The 2011 season has been all about getting up to speed for Nebraska's offense.
In film sessions. In practices. In games.
The Huskers had to absorb a new system under coordinator Tim Beck, and do so with one of the Big Ten's youngest units. Nebraska had 11 players on the offensive two-deep make their collegiate debuts this season. While Huskers players studied their own scheme, Beck and the offensive staff had to guesstimate how 11 new opponents would defend Nebraska.
"The hard part was us as coaches trying to figure out what the hell teams were trying to do to us," Beck recently told ESPN.com. "We never knew."
Given the obstacles, Nebraska's offenses fared pretty well overall.
The Huskers finished 13th nationally in rushing and fourth in the Big Ten in both scoring and total yards. They tied for 10th nationally in red-zone efficiency and performed decently on third down.
"We're getting there," Beck said. "The games we lost, we turned the ball over. The thing that really impressed me about our players was their ability to adapt during the course of the game. When we saw things or felt like this could be good or this blocking scheme might be better, they were able to adapt to it pretty well.
"Didn't freak out, didn't panic."
And as has been the case for months, Nebraska's learning curve on offense must be accelerated for its upcoming Capital One Bowl matchup.
The Huskers take on a South Carolina team ranked No. 4 nationally in total defense. The Gamecocks have held seven of their past nine opponents to 16 points or fewer.
"They're really good," Beck said. "They're fast. You can see through the course of the year how they’ve grown, how they understand their system better."
The same can be said for Nebraska.
Although the Huskers put up some big numbers in September (171 points), the unit had a rough night in the Big Ten opener against Wisconsin and a few other hiccups along the way. The offensive line constantly shuffled personnel and the team's youth at receiver showed up at times, but certain players made strides as the season progressed, including I-back Rex Burkhead, receiver Kenny Bell and, most important, quarterback Taylor Martinez.
The sophomore threw three interceptions in the Wisconsin loss and came under fire from fans before rebounding the next week against Ohio State. Martinez enters the bowl having attempted 116 consecutive passes without an interception. He has only one pick in his last 26 quarters (152 attempts).
"Where things started to get better actually was after Wisconsin," Beck said. "Most teams that get better or people that improve in any aspect of life, you've got to know what it is to hit bottom. That was an eye-opening experience for him. That was something that woke him up."
Martinez followed the Wisconsin loss with a strong five-game stretch, completing 64.2 percent of his passes for 865 yards and six touchdowns. He continued to attack defenses with his feet in a system that seemed to accentuate his strengths.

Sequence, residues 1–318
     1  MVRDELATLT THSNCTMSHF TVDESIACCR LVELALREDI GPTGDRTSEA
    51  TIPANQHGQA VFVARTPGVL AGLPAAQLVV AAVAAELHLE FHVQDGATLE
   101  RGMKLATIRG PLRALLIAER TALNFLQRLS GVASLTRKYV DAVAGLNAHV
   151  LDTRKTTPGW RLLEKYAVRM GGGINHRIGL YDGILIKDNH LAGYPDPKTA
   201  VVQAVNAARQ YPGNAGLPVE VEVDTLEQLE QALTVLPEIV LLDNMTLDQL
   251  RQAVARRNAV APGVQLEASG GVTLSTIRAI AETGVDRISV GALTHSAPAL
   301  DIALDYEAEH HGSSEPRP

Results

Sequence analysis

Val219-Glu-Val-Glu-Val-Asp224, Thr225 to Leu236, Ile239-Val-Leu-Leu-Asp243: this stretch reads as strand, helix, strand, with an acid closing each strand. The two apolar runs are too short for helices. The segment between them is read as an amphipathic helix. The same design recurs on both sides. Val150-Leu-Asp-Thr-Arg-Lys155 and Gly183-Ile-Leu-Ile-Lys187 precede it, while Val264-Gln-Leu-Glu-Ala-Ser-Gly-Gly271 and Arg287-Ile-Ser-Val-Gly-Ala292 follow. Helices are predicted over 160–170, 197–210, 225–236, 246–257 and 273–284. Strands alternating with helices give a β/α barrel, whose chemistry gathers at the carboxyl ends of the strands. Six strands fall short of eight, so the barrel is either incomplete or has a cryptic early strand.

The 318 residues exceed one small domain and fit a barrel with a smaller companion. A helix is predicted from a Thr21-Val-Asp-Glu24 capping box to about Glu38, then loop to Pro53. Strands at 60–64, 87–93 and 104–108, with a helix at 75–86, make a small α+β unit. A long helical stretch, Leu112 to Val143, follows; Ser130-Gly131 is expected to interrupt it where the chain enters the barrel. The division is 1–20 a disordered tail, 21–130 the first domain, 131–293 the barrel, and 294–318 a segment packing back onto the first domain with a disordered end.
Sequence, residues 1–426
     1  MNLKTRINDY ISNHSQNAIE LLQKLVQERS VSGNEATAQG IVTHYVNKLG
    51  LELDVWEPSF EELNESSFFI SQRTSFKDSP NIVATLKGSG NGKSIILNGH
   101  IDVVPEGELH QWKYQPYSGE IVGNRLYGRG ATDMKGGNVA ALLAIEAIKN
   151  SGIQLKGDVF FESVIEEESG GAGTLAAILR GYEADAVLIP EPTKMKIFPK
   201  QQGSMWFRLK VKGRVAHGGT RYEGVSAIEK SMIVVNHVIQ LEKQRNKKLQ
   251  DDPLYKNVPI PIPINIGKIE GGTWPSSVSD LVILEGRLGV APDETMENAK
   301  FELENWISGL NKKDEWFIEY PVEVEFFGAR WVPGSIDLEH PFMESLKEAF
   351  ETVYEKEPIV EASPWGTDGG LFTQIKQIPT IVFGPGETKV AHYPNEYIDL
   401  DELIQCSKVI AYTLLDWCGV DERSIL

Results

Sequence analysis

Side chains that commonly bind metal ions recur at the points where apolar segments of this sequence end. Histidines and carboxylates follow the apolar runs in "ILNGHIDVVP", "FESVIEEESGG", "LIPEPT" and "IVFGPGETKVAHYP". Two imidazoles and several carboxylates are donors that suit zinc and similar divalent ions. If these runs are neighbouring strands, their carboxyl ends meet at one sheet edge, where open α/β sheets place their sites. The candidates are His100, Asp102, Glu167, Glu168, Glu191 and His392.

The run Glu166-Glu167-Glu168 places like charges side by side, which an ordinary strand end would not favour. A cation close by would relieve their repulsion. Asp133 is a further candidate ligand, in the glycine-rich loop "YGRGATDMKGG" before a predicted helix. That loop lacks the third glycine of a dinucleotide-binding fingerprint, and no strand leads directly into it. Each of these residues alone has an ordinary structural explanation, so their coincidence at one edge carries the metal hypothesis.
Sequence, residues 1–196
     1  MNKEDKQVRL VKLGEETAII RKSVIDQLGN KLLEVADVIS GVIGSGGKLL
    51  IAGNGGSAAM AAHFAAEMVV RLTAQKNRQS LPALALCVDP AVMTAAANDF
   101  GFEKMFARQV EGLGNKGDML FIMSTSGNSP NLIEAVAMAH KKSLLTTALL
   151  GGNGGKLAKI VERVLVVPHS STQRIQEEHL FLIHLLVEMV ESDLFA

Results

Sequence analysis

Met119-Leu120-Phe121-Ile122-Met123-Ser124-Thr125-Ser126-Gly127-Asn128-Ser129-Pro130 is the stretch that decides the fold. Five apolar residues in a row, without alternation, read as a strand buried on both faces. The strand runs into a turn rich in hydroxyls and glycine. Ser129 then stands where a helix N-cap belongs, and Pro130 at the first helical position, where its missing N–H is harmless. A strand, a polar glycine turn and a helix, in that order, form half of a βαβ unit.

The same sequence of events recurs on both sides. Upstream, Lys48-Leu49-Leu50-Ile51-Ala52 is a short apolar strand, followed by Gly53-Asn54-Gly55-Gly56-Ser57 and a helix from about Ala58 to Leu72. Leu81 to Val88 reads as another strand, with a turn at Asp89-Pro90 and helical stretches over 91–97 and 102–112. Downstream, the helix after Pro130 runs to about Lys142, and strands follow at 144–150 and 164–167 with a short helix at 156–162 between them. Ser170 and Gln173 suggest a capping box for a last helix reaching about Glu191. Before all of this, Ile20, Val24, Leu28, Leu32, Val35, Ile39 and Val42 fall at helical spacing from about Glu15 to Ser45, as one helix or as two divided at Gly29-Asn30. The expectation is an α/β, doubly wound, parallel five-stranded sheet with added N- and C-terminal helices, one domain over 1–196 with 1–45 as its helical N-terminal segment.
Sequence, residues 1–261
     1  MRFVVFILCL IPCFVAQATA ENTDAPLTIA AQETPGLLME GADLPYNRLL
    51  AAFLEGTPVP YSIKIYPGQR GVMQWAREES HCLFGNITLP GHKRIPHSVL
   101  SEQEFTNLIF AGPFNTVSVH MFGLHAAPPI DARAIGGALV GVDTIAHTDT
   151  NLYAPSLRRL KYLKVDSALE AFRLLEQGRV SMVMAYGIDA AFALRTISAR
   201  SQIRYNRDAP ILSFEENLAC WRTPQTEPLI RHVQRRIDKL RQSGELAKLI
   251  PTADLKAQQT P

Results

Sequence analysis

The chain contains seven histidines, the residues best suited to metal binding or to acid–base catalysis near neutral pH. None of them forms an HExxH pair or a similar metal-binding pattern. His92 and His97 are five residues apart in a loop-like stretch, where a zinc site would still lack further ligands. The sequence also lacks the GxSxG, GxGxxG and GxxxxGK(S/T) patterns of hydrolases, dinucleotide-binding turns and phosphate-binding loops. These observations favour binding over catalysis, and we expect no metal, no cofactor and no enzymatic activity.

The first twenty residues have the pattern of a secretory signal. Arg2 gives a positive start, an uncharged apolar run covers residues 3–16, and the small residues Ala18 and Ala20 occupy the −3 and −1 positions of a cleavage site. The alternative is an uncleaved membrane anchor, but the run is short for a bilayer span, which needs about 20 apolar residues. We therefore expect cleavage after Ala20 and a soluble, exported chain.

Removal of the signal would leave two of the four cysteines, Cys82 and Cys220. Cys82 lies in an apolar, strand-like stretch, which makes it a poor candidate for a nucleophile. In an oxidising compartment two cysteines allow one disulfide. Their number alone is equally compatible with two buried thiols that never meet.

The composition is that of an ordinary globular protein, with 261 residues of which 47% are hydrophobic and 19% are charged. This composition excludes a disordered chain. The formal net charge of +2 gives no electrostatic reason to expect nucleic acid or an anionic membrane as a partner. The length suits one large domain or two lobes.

"We knew we had the offense when Taylor got us out of a lot of bad looks and gave us a chance to win on every play," left tackle Yoshi Hardrick said. "We've got a physical offense, we run the option and Taylor's the man with the ball. We run a lot of play-action pass off the line. It fits him well."
Martinez was at his best and Nebraska's offense was at its best when operating at an extremely fast tempo. Once the Huskers picked up a first down or two, they zoomed downfield to the end zone.
Against Ohio State, the Huskers had only seven first downs in the opening half and trailed 20-6. They moved the chains 18 times in the second half and rallied to win 34-27.
"We want to play in that high tempo as much as we can," Beck said. "Our players seem to play well that way, our quarterback in particular."
It's a focal point for the Huskers against South Carolina, which ranks second nationally in pass defense and has shut down better aerial attacks than Nebraska's. Hardrick acknowledges it'll be the line's fault if Nebraska finds itself in third-and-long against the Gamecocks.
South Carolina is led by defensive ends Melvin Ingram and Jadeveon Clowney, who have combined for 14.5 sacks and 23.5 tackles for loss.
Hardick breaks down both stars.
Ingram: "He's different from a Big Ten D-end because in the SEC, it's more of a finesse rush. In the Big Ten, it's more of a power rush. He’s very active with his feet and hands, and he likes to get tackles in space. I just like how he plays hard. You've got to respect a man who plays like that."
Clowney: "Clowney’s their best pass rusher. On third down, that’s easy to see. Clowney’s the more natural pass rusher. He doesn't look like a true freshman at all."
Beck is very excited about the long-term outlook for Nebraska's offense, especially with nine starters returning in 2012. But the short term provides an excellent growth opportunity against South Carolina.
"You always want to play your best," Beck said. "If you can do that against a great opponent like South Carolina, it will carry on into next season."